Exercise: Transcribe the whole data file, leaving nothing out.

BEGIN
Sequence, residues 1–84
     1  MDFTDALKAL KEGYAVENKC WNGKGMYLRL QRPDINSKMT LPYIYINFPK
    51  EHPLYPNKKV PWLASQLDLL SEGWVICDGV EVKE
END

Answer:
Sequence, residues 1–84
     1  MDFTDALKAL KEGYAVENKC WNGKGMYLRL QRPDINSKMT LPYIYINFPK
    51  EHPLYPNKKV PWLASQLDLL SEGWVICDGV EVKE